Nick: I think this game had danger of being overlooked and under hyped before the Toronto-Montreal final at BMO. It was impossible to miss, and people will tune in for the atmosphere and the stars. Could be — and this is saying a lot — a watershed moment for MLS.

Matt: I think the fact that not only has neither team ever won a cup but couple that with the reality that they’ve each never played in a final prior to Saturday makes it all the more enticing of a matchup. Despite the frigid temperatures it could very well be one of the most highly anticipated finals we’ve seen when you consider the stars involved the game (Michael Bradley, Sebastian Giovinco, Jordan Morris, Jozy Altidore, etc.).

Seattle has reached its first MLS Cup against all the odds. Does anyone have the sense their name is written on this trophy?

Joe: Sort of. When Sigi Schmid was fired and Brian Schmetzer was hired, nobody thought this would happen. I think most of the Seattle organization, their fans and even the players are a little bit stunned they’ve made it to MLS Cup. When you compare this team to others they’ve had in recent years, it’s not as good individually plus injuries to Clint Dempsey and others this campaign have been very disruptive. Somehow, they’ve made it to MLS Cup and these dream runs happen for a reason. Soccer works in mysterious ways.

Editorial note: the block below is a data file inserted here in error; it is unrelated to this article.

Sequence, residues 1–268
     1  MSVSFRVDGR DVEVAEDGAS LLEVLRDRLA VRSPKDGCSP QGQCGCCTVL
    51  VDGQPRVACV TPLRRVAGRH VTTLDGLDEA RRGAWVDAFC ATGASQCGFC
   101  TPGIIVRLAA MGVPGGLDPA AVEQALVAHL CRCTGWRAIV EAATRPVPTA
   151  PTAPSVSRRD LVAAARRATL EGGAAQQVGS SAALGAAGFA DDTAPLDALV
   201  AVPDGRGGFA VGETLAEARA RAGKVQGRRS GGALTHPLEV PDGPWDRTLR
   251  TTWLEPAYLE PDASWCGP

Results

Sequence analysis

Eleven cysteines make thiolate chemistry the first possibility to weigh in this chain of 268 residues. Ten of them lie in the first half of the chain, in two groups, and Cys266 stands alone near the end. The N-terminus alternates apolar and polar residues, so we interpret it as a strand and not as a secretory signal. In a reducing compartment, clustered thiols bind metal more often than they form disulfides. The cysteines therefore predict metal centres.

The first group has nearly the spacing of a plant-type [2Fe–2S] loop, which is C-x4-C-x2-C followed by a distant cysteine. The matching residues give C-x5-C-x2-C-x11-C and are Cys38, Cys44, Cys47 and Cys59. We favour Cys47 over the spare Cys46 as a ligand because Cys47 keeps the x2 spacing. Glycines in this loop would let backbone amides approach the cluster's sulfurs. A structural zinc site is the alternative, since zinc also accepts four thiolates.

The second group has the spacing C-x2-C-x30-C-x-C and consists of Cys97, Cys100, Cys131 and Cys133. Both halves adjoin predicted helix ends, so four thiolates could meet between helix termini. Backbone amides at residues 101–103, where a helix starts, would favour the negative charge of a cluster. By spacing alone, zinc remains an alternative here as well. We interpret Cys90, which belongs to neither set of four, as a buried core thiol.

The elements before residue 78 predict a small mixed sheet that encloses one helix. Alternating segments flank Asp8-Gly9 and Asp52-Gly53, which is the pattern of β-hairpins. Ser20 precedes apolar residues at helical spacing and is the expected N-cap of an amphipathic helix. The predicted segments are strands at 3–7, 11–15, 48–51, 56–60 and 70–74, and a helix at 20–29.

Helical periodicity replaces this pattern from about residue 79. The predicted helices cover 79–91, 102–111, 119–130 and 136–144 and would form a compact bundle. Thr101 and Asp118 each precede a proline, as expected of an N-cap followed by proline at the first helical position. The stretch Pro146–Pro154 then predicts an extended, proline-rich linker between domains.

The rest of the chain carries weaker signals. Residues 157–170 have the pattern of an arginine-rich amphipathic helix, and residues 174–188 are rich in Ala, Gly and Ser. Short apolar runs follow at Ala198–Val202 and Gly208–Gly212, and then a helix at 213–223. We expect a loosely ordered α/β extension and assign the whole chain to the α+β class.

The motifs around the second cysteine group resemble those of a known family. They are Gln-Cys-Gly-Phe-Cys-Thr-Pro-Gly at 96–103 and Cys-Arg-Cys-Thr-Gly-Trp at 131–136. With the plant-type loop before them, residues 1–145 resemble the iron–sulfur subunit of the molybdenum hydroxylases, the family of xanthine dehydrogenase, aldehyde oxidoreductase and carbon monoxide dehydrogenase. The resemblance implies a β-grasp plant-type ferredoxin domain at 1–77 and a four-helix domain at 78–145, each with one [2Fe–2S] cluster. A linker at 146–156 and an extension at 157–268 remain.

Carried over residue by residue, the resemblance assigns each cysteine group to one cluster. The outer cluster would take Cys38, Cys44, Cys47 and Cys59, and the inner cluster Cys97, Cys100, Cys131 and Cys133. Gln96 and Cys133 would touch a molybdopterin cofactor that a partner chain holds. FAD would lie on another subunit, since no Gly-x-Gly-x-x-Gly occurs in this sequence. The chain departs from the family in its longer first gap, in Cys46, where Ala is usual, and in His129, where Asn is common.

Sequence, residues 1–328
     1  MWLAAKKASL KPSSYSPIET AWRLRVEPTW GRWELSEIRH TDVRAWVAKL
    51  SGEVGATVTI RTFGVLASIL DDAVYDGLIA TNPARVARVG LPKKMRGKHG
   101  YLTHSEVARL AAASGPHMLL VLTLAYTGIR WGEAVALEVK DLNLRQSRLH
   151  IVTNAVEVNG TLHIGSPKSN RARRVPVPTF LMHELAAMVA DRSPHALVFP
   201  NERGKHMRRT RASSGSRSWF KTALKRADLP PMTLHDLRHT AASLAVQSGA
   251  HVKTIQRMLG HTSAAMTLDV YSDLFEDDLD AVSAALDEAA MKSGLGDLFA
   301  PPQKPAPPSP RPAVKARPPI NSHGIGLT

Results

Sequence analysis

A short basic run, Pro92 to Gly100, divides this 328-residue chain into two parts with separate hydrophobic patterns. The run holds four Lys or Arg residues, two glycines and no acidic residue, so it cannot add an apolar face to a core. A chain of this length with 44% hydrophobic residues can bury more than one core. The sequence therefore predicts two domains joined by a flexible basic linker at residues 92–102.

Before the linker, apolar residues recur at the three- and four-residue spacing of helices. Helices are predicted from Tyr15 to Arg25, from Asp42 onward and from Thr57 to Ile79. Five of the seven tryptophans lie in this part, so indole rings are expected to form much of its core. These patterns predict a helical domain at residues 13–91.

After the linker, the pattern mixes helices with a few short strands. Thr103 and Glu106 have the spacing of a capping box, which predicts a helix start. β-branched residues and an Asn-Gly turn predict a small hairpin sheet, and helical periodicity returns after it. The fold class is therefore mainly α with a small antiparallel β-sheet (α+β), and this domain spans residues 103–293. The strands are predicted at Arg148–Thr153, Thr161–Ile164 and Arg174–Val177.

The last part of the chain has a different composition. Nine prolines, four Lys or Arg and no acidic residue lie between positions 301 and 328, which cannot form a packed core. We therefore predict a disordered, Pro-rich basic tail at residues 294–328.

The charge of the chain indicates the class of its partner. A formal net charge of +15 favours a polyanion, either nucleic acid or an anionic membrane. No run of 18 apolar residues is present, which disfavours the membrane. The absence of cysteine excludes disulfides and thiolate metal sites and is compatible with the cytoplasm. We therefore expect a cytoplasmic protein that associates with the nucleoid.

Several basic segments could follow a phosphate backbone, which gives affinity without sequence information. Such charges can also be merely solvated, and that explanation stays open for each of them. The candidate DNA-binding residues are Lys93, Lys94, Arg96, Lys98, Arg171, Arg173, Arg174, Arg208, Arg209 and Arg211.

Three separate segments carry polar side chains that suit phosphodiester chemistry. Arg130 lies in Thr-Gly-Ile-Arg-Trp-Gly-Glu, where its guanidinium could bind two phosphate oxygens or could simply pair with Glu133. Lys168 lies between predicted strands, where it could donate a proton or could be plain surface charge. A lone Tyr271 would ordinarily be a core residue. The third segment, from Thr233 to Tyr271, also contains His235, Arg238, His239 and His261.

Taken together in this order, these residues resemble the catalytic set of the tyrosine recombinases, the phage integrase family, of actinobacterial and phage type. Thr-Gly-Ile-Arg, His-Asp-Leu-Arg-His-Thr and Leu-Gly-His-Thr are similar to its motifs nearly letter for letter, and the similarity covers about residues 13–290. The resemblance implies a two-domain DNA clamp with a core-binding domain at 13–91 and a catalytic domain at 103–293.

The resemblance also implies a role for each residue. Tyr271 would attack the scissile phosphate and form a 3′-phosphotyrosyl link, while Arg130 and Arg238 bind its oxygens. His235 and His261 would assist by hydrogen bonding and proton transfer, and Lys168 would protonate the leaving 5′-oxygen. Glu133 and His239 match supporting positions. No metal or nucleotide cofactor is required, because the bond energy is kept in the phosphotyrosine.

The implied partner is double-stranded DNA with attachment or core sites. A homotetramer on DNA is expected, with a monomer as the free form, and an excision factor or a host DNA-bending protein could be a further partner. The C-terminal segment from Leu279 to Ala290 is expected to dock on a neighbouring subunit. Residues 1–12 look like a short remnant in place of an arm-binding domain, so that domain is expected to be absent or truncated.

Nick: I wouldn’t want to bet this game, mostly because Seattle is coming across the country and that’s been a recipe for struggle for almost every MLS side this year. Have to think Toronto is favored, fate or not (especially since fate is better known as the arrival of Nicolas Lodeiro!).

Matt: It just seems like 2016 is the year of the Sounders. Both clubs have had superb seasons and have their own unique storylines heading into the match, but when you consider the fact that the Sounders looked dead in the water halfway through the season, made a coaching change and are playing without arguably their most influential player (Clint Dempsey) it really looks like this team will have their fate sealed in the biggest way possible on Saturday night.

What will be the key battle in this game?

Joe: I think Seattle’s defense staying firm and not allowing Morris to latch on to balls from Lodeiro in behind. With the home crowd roaring them on, it would be quite easy for Toronto to go at it early on and leave themselves exposed defensively. If Justin Morrow, Drew Moor et al. can use their vast experience in MLS wisely, and regain their top form from the regular season, TFC will have a great chance of winning.